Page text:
Ryan's Answer #1
"If I feel overloaded at work I talk with my co-workers to see if they can help me out. I've developed a great working relationship with them so we never feel that we are putting each other out."
Ryan's Answer #2
"Busy work days can easily be handled with a little bit of organization and prioritization. During my schooling, I worked as a phlebotomist to gain experience in a clinical setting. In a busy hospital, it was important that I laid out a plan each day for the patients I was scheduled to see. By laying out a plan, I was able to see where I had extra time to help shuffle in any emergent patients and keep me on task throughout my day. I will be able to utilize this method in this role as well."
14.
Have you ever had an issue with a supervisor? How did you handle it?
This question gives you an opportunity to share an example of how you dealt with a difficult situation between you and your supervisor. Maybe the issue was in their management style or their lack of leadership. Whatever the cause, remember this helpful hint: the only thing you can control is YOU. No matter the circumstances at work, you can control your reaction. Taking this fact to heart will help you throughout your career.

Ryan's Answer #1
"During my internship, I had a supervisor who was extremely uptight and not much of a people-person. It was difficult to understand what he wanted from me at times because he would get frustrated with my work after he instructed me to do something. I approached him calmed one day and asked him if we could chat. I let him know I was doing my best but I felt like there was a disconnect, as I was not performing to his standards. I asked him if I was misunderstanding his requests and what I could do to improve. He appreciated my approach and we were able to resolve the issue by simply learning how to communicate better."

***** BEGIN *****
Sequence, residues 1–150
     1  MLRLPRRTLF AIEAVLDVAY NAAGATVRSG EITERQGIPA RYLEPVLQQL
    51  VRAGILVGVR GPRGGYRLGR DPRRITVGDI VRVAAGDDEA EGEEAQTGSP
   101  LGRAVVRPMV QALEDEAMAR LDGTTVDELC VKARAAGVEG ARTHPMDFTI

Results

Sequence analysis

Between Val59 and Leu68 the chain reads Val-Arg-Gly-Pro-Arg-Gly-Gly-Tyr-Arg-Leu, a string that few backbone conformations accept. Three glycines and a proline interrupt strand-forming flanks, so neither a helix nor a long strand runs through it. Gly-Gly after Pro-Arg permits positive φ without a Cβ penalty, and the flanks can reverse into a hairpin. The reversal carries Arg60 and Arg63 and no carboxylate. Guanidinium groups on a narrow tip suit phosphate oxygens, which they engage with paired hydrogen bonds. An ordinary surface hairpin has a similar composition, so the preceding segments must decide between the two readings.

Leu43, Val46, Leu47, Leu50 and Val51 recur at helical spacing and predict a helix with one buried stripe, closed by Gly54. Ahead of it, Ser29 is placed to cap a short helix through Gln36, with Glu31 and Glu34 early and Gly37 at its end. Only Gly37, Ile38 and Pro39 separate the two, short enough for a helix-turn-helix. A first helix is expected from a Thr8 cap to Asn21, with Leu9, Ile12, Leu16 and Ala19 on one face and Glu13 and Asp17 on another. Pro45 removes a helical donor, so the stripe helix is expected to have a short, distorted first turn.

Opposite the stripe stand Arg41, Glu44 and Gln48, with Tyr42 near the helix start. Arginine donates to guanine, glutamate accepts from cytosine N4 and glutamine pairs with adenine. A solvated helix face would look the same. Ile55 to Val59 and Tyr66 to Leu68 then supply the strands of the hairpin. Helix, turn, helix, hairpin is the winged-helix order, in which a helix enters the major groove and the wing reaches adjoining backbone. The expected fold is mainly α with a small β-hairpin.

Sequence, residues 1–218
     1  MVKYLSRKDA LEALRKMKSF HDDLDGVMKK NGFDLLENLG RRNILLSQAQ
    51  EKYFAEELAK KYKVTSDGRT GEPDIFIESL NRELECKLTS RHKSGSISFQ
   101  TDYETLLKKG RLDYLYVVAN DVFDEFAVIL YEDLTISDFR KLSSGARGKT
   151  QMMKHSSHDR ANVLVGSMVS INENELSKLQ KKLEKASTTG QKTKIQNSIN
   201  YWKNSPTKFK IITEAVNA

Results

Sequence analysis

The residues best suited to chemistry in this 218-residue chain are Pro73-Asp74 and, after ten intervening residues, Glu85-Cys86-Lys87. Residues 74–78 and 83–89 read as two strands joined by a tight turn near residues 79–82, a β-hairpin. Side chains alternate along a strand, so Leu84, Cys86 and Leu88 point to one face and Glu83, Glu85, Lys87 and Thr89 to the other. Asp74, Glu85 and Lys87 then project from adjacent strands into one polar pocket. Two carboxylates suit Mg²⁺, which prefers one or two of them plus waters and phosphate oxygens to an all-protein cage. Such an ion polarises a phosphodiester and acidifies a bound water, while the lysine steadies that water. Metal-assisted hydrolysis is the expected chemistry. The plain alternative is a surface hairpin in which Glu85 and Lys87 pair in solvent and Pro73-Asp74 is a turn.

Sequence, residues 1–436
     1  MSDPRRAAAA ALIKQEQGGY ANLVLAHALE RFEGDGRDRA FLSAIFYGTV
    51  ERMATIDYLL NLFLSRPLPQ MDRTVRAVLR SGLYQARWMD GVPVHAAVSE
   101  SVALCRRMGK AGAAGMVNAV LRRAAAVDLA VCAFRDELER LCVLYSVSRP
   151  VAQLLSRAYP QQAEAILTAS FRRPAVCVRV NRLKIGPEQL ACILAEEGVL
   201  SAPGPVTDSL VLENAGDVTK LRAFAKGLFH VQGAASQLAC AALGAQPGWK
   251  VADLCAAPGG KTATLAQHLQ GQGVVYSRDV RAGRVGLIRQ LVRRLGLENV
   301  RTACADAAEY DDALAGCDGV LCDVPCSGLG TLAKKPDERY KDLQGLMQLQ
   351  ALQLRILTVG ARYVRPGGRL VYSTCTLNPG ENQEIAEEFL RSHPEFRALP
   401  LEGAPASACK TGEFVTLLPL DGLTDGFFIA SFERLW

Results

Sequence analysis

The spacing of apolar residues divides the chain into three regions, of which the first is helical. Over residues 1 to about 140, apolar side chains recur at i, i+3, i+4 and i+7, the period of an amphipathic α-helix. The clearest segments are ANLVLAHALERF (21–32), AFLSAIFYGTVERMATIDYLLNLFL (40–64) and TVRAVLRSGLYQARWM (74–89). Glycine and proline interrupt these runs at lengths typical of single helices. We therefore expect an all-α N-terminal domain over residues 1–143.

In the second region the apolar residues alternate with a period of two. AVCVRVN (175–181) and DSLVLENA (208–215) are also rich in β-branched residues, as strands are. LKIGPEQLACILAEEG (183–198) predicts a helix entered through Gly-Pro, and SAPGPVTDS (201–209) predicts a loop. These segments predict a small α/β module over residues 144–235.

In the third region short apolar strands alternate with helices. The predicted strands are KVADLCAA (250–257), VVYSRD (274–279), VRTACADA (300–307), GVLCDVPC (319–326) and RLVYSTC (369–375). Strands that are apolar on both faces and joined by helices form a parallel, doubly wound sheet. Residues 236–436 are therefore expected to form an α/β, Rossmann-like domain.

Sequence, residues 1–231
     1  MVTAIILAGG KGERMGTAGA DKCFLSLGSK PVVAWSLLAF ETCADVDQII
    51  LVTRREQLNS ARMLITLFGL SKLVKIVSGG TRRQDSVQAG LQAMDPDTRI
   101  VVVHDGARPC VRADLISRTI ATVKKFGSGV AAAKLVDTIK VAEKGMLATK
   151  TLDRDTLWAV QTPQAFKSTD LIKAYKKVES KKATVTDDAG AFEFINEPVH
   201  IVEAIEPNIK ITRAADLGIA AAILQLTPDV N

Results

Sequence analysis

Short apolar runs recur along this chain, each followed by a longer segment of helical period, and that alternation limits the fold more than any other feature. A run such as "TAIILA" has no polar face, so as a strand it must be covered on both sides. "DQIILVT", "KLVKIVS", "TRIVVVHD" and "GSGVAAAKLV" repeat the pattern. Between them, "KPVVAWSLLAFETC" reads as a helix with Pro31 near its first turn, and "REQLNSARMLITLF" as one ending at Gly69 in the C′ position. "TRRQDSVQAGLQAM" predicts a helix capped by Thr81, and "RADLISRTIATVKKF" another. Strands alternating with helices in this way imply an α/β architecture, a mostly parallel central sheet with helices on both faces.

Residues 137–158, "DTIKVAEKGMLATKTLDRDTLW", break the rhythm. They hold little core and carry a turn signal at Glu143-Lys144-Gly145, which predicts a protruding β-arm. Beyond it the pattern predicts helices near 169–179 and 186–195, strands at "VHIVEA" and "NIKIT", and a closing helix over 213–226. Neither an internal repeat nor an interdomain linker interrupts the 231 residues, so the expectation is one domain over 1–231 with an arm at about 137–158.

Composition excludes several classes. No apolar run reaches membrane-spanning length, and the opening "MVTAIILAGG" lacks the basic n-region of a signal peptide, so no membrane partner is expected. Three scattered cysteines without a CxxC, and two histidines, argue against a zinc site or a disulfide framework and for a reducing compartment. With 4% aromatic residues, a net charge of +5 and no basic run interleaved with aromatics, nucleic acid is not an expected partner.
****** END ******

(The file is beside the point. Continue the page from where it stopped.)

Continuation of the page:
Ryan's Answer #2
"I worked part time as a waitress while pursuing my degree. While I had a great personal relationship with my supervisor, there were times where important corporate sales incentives weren't communicate to us in a timely manner and customers would actually end up informing me of them. I approached him each time and would ask him if we had a particular special running that I wasn't aware about. After about the third time of doing this, he apologized greatly and assured me that all corporate specials would be posted to a a board by our wait station. This immensely helped all of our wait staff moving forward."
Anonymous Answer
"Yes. When I was new in the OR, the learning curve was exceptionally steep. My supervisor at the time was getting frustrated with me and would complain about me to others but never face to face. I would get called into the managers' office, so I had to ask for help on how to approach my supervisor. With time, experience, and direction, I learned how to be more efficient. I asked my supervisor what else she needed before I ever left a room. And I asked her how I could be better in the future. I've never been called in the manager's office since and we have a good relationship now."
Alexandra's Answer
Great answer! If I were the interviewer I would follow up to ask who did you ask for help on how to approach your supervisor? Did you address the problem directly or just work hard to improve? Overall, great answer showing how you learned and grew as an employee!
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15.
How do you keep accurate patient records?